The incubator was a foam box of 800 mm × 300 mm × 300 mm with small perforations that were open/closed to maintain the humidity. To provide temperature and humidity inside the incubator, an aquarium heater thermostat 50 W (Sera, USA) submerged in water was used. The artificial incubation of the eggs was carried out in a plastic container without upper lid with 30 mm vermiculite, which was sprayed with water twice a day (in the morning and afternoon). The incubator maintained a mean temperature of 28 °C and a mean humidity of 55 %. In the evening, the temperature decreased by 2 °C. The temperature and humidity of the room were not measured. The eggs were measured with a caliper (Veto, Chile, accuracy 0.03 mm). To prevent eventual damage to the egg cluster, the eggs were not separated. Neonates were weighed with a balance of 0.1 g precision (Iitrust, France) and the total length was measured with a flexible metric tape. Each neonate was maintained in an individual container.

The hatching rate (HR) was calculated using the formula HR = number of neonates/numbers of eggs. All statistical analyses were performed using Graph Pad Prism 4.03 (GraphPad Software, USA). The data are expressed as mean (X) ± standard deviation (SD). Statistical analysis was performed using Student´s t-test and data were considered statistically significant when p < 0.05.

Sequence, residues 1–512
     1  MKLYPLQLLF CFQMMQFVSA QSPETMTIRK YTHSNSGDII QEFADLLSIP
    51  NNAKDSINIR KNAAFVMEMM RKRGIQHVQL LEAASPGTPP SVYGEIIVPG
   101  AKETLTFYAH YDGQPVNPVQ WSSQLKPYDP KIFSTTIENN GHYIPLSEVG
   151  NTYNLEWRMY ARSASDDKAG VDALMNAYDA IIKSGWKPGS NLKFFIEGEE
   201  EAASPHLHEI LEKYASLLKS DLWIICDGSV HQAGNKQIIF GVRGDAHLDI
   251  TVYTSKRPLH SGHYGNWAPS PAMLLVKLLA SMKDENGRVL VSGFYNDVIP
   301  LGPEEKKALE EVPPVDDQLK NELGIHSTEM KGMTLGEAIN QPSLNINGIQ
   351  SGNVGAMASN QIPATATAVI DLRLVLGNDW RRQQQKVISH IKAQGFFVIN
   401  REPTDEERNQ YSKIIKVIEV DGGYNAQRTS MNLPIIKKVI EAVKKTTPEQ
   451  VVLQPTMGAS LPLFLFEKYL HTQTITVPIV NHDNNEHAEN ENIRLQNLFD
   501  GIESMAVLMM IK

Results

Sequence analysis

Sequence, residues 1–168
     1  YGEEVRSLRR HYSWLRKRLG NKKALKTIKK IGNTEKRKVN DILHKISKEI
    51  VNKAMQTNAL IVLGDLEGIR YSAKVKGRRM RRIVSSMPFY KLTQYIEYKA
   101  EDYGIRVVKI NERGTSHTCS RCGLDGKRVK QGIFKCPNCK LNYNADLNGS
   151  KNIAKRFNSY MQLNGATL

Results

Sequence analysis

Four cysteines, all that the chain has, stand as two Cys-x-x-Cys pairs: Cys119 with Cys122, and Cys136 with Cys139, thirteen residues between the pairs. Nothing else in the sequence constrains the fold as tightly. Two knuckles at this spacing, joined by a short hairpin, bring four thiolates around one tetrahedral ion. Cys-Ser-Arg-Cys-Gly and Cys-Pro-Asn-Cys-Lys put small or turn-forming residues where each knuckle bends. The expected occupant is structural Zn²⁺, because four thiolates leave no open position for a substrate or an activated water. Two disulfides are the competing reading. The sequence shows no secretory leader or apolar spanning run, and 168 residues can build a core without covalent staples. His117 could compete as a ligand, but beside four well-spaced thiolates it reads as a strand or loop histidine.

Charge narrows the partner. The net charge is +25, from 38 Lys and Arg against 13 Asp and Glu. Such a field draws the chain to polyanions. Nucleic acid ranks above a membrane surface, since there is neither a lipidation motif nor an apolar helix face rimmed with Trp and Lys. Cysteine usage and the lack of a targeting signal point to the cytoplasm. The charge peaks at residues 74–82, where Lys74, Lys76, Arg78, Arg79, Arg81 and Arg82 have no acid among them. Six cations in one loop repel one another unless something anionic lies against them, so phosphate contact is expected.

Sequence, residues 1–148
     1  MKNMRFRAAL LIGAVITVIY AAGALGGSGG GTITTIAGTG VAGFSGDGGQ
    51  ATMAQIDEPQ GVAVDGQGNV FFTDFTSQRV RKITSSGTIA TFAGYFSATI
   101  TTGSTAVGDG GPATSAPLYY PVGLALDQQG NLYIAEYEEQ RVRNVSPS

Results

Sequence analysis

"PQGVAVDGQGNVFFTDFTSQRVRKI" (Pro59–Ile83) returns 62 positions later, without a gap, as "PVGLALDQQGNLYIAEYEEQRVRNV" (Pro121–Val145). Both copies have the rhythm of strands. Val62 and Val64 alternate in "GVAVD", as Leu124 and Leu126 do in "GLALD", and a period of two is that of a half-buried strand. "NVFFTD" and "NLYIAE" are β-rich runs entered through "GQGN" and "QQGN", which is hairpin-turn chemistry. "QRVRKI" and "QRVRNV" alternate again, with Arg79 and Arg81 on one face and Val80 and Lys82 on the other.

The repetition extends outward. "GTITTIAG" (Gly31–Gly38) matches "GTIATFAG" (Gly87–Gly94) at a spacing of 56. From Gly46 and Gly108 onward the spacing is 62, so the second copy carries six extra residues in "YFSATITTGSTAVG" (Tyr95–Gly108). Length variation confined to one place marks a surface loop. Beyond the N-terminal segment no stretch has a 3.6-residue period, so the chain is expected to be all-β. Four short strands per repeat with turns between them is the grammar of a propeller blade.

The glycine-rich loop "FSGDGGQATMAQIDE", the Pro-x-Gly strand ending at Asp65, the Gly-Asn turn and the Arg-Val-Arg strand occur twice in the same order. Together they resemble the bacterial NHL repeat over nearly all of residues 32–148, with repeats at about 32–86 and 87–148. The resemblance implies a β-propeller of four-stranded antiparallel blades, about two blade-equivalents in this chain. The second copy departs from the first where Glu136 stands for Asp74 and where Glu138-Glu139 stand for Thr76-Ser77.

Results

Adult specimens incorporated to Zoológico Nacional showed healthy corporal conditions and lacked physical injuries (Fig. 1A, B). The female had total length =1100 mm long with a weight = 220 g and the male, total length = 1020 mm and weight = 180 g.

Figure 1. 

Adult specimens of Philodryas chamissonis. A male. B female. C, D Incubator with Philodryas eggs.

In the container, the specimens received daily 6 h of natural light with small oscillations in the room temperature and humidity. Although the adult specimens were in the same container and the male was observed following the female, a possible breeding behavior that has been reported for other Philodryas species (Williams 1982), no mating was observed. After 5 months of lodging (July–November), a cluster of 16 eggs with smooth, oval and white shell was observed during the morning in a corner of the container. The conditions recorded at that moment were 24.8 °C and 55% humidity. No parental care was observed. The eggs, which had irregular lengths (range 40–60 mm), were placed in the plastic incubator described in Materials and Methods section (Fig. 1C, D).